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A review of pre-admission advanced airway management in combat casualties, Helmand Province 2013
  1. Harry E J Pugh1,
  2. S LeClerc2 and
  3. J Mclennan3
  1. 116 Medical Regiment, 144 Parachute Medical Squadron (V), Colchester, UK
  2. 2Academic Department of Military Medicine, Birmingham, UK
  3. 3Emergency Department, Manchester Royal Infirmary, Manchester, UK
  1. Correspondence to Lt Col H E J Pugh, Department of Anaesthetics, Royal Devon and Exeter Hospital, Wonford Road, Exeter, Devon EX2 5DW, UK; harrypugh{at}


Objectives Airway compromise is the third leading cause of potentially preventable combat death. Pre-hospital airway management has lower success rates than in hospital. This study reviewed advanced airway management focusing on cricothyroidotomies and supraglottic airway devices in combat casualties prior to admission to a Role 3 Hospital in Afghanistan.

Methods This was a retrospective review of all casualties who required advanced airway management prior to arrival at the Role 3 Hospital, Bastion, Helmand Province over a 30-week period identified by the US Joint Theatre Trauma Registry. The notes and relevant X-rays were analysed. The opinions of US and UK clinical Subject Matter Experts (SME) were then sought.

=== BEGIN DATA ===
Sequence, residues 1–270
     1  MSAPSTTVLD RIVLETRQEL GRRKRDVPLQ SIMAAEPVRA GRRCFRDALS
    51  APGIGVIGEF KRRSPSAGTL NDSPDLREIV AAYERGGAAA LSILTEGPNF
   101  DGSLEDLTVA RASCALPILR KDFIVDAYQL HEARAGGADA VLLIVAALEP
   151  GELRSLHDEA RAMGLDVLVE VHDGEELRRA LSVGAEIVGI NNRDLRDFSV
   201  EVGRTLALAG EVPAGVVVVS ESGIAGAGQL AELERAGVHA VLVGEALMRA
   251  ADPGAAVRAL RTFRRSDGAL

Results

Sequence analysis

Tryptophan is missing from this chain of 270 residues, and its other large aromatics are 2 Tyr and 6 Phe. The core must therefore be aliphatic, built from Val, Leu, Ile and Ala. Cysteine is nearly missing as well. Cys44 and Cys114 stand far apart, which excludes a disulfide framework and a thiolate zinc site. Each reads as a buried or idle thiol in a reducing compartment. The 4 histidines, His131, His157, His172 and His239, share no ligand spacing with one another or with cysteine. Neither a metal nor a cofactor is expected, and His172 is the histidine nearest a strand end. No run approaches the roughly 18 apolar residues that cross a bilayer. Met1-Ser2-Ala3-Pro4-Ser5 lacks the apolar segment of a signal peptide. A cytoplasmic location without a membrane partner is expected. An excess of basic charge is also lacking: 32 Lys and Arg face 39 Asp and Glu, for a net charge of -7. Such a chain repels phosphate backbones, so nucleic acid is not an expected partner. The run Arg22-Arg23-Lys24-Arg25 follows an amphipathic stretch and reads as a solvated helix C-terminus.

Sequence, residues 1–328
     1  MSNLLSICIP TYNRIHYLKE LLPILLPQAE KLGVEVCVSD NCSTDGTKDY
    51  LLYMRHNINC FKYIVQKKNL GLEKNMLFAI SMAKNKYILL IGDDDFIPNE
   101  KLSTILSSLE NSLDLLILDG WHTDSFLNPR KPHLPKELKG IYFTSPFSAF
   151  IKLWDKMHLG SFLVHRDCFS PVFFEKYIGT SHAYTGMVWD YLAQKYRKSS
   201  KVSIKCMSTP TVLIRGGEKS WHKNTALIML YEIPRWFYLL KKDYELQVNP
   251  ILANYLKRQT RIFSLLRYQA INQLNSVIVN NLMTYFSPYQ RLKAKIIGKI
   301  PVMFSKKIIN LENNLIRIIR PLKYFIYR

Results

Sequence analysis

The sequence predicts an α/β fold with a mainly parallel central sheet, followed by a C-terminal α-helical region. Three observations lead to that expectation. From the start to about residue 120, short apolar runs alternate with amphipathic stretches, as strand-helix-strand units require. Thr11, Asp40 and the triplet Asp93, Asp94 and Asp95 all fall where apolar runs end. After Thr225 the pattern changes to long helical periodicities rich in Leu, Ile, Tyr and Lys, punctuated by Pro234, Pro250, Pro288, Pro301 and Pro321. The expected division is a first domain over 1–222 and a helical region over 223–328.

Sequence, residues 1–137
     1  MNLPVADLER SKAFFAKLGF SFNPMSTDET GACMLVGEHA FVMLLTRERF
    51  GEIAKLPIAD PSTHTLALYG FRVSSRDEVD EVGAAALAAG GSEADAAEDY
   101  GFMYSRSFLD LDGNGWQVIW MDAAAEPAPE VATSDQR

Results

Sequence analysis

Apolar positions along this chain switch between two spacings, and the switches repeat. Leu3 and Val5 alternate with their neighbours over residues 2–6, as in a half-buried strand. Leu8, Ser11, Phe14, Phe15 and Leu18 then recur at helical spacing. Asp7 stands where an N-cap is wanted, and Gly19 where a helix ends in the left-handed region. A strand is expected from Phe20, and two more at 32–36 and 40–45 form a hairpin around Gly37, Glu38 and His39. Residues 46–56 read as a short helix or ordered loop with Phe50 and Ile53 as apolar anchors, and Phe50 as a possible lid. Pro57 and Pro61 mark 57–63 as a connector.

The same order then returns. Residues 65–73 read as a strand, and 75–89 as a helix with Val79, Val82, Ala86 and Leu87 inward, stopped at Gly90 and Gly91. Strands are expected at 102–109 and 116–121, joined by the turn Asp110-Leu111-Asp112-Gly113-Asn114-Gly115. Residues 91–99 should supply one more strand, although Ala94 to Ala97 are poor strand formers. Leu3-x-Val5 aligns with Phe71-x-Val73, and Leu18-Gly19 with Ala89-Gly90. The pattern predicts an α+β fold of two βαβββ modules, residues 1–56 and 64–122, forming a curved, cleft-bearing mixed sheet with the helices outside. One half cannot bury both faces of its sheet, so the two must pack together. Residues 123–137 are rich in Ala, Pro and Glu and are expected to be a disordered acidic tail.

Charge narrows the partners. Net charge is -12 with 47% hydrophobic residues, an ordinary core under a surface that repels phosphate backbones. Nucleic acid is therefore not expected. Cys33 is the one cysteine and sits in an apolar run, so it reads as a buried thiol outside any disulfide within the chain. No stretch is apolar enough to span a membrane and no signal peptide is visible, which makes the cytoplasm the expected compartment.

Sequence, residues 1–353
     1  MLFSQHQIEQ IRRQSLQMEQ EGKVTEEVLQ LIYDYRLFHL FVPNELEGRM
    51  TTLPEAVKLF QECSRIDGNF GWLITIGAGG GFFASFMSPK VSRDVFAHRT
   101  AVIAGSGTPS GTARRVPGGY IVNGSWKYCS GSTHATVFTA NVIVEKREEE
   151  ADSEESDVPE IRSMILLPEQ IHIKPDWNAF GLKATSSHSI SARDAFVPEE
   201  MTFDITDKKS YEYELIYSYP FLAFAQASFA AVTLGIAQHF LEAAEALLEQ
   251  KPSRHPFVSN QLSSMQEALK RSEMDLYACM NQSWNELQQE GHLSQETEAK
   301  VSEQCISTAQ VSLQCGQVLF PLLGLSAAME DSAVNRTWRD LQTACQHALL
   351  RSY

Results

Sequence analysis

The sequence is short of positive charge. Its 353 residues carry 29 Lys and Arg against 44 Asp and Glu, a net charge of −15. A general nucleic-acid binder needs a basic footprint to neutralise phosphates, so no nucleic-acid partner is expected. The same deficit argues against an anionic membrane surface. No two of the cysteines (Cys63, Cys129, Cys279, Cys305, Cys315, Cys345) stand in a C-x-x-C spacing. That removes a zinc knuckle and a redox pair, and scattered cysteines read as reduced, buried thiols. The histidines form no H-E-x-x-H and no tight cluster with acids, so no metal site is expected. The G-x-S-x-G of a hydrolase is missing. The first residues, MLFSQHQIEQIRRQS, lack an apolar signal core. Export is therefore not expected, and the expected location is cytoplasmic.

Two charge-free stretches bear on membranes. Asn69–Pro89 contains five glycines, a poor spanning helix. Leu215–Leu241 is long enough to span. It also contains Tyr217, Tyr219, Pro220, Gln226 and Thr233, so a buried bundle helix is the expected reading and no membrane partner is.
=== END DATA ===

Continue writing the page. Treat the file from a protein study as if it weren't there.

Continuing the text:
Results Fifty-seven advanced airway interventions were identified. 45 casualties had attempted intubations, 37 (82%) were successful and of those who had failed intubations, one had a King LT Airway (supraglottic device) and seven had a rescue cricothyroidotomy. The other initial advanced airway interventions were five attempted King LT airways and seven attempted cricothyroidotomies. In total, 14 cricothyroidotomies were performed; in this group, there were nine complications/significant events.

Conclusions The SMEs suggested that dedicated surgical airway kits should be used and students in training should be taught to secure the cricothyroidotomy tube as well as how to insert it. This review re-emphasises the need to ‘ensure the right person, with the right equipment and the right training, is present at the right time if we are to improve the survival of patients with airway compromise on the battlefield’. The audit reference number is RCDM/Res/Audit/1036/12/0368.

  • Emergency Care, Pre-hospital
  • Medicine, Military
  • Airway Management
  • Traumatology
  • Cricothyroidotomy

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